Ashwagandha: Commonly known as the winter cherry or Indian ginseng. In cosmetics, ashwagandha is used as a tonic and astringent. It is an adaptogen that can be used in antiwrinkle creams for its impact on oxidative stress.

Licorice: The root of Glycyrrhiza glabra from which a popular, somewhat sweet flavor can be extracted.

Licorice contains glabridin, which works to inhibit the production of melanin. Therefore, it is used for its skin-lightening properties, a very popular attribute for the Asian beauty market. It can also be used to combat unattractive age spots, treat blemishes left in the wake of acne and target discoloration caused by sun damage. According to an article published in Modern Science (June 25, 2009), licorice also has antioxidant and anti-inflammatory properties and is effective in the treatment of ulcers. For many, it is also a common treatment for sore throats. Amla fruit: Also known as Indian gooseberry.

Amla has one of the purest forms of vitamin C, 20 times higher than orange juice. Amla fruit is said to penetrate the scalp and strengthen the hair at its root. Amla oil is widely used in India for this property, and a regular scalp massage with this oil promotes stronger, healthier new growth.

Tulsi: This has long been one of the most common medicinal herbs in India, though the West is just waking up to its powers, with tulsi tea becoming more common at health food stores.

Cosmetic companies have recognized its bactericidal attributes. Tulsi is used in treating eczema and psoriasis, and is utilized in medicine used for treating leprosy and staph infection. Tulsi contains ursolic acid, a compound that can prevent wrinkle formation and help retain elasticity prevalent in young faces.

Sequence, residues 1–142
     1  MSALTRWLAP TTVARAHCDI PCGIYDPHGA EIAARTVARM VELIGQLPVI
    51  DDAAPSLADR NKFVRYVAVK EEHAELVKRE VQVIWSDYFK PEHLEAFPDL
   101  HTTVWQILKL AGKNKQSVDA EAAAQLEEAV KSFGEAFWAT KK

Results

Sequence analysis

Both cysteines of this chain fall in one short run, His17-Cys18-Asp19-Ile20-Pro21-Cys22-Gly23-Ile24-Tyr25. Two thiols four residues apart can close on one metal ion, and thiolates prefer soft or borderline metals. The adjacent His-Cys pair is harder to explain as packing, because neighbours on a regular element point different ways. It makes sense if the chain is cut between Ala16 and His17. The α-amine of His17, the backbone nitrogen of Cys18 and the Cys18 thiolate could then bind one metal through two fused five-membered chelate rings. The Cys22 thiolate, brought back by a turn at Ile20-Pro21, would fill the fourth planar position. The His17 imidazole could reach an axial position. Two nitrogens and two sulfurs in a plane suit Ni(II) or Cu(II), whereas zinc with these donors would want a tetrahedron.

Tulsi is quickly becoming a hit with some beauty consumers, and it is a prime ingredient in some herbal cosmetics—including face packs and anti-aging creams.

It should be noted that the drawback in ayurvedic cosmetology is that there is no official certifying body, which contributes to lack of general credibility and consumer confidence, posing a threat to ayurvedic cosmetic products in the market. To help build confidence, if choosing to create products or a brand based on or using ayurvedic herbs, standards in line with ayurveda concepts and historic standards should be maintained. (See The House Rules.)

And the pros of ayurveda are vast due to their benefit to the individual. This being said, it is important to reinforce that proper and accepted standards are adhered to when tapping into this ancient science with so many modern implementations.

Shilpi Jain is a senior R&D scientist at Dallas-based Aloe Vera of America. She holds a master’s degree in organometallic chemistry from the University of Toronto, Canada, and has held several positions in pharmaceutical firms. Raised in eastern Indian culture, she was automatically exposed to ayurvedic herbs. She owned SASA Cosmetics and Consulting and marketed Skinveda, her own ayurvedic skin care line. [email protected]